2020 proved to be a year that exposed the interconnectedness of global supply chains, with factory shutdowns in a given country wreaking havoc continents away (source). And now, in 2021, the effective shut down of the Suez Canal again exposed the fragility of our trade networks with a single ship--the Evergreen Ever Given--able to block a main artery for roughly 12% of all global trade (source).
Even as the Ever Given is freed from its grounding, backups will remain, so the question for other ship owners and captains becomes when do they chart a new course.
When to Divert
The last time a closure of this magnitude occurred at the Suez Canal was from 1967 to 1975. This closure was triggered by the outbreak of the Six Day War, and the canal did not reopen until after the Yom Kippur War. During that eight year period, fifteen cargo ships remained trapped in the Suez canal (the Yellow Fleet), and ships were forced to transit around the Cape of Good Hope, adding thousands of miles to their voyages. We all remain hopeful that this latest shut down will not last eight years, but what goes into making the decision to change course?
Ships are on a schedule. With the canal closed, Lloyd’s List estimates that $9.6 billion in products transit the Suez Canal every day. Even after the Canal reopens, the length of a voyage through the Canal will increase, as late arrivals will need to wait for the 100s of ships ahead of them to sail through. As a result, for ships leaving port today, rounding the Cape of Good Hope may be the better option.
With the Canal closed, ships will consider longer routes, and likely steam faster to recover time lost. Moreover, sailing a longer ocean route exposed to Southern Ocean storms will inevitably lead to bigger waves, more resistance, and thus higher fuel consumption. This means higher fuel costs and a considerable increase in emissions.
Ultimately, safety comes first. With rounding the Cape of Good Hope, vessels will be exposed to the rumble of the Southern Ocean. And as the Southern Hemisphere winter approaches, these waters can become dangerous to maritime traffic.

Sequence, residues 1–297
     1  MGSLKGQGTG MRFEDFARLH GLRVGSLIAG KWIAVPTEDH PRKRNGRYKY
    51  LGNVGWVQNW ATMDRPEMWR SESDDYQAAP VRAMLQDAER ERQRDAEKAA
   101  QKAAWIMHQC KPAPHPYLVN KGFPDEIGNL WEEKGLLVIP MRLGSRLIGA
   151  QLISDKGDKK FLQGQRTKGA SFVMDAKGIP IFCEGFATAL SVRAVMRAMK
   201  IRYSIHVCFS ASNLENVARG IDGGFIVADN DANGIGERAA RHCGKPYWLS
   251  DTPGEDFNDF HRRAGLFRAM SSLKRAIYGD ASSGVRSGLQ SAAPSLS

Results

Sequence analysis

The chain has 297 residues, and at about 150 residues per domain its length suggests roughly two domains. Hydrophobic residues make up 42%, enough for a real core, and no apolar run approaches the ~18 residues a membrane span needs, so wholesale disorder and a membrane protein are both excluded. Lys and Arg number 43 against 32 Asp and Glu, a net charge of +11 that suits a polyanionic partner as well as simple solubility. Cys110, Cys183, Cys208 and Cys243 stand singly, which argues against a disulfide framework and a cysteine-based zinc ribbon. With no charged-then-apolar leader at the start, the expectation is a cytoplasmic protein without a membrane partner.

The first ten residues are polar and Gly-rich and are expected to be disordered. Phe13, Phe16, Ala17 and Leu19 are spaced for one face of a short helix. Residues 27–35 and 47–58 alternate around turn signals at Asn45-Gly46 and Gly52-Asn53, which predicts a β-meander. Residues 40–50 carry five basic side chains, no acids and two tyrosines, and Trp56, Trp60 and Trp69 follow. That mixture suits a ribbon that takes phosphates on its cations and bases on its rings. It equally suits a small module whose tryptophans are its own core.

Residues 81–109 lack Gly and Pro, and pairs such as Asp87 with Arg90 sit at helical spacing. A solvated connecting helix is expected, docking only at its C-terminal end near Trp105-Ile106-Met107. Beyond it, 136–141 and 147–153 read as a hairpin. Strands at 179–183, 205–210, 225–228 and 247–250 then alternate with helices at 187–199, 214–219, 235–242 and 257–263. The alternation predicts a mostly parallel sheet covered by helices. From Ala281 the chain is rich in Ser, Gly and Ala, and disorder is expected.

After the 1967 closure, for example, an increase in ships transiting the Cape led to an “alarming number of incidents involving extremely large waves” (source). The interplay between the mighty Agulhas current, wind, and seafloor topography can lead to intense wave energy that can result in unsafe conditions if captains are unprepared for the voyage.
How to decide?
With all these factors at play, the decision to divert is not an easy one. In particular, since it is not yet clear how long the canal backlog will take to process.
Data can help. To assess the costs in fuel, emissions, and the potential risks of taking the long way around the Cape, reliable weather forecasts powered by live, in situ data from the region are critical. The Sofar Spotter buoy network collects data across the Southern Ocean, particularly at points of maritime interest like the Cape of Good Hope, to generate accurate weather forecasts through assimilation into our global weather models
Combining these weather forecasts with extensive vessel performance data from each ship, Sofar’s Wayfinder product delivers to captains at sea what Google Maps does on land: real-time data ingestion and continuous end-to-end optimization to avoid heavy weather, reduce fuel costs, lower emissions, and stay on schedule.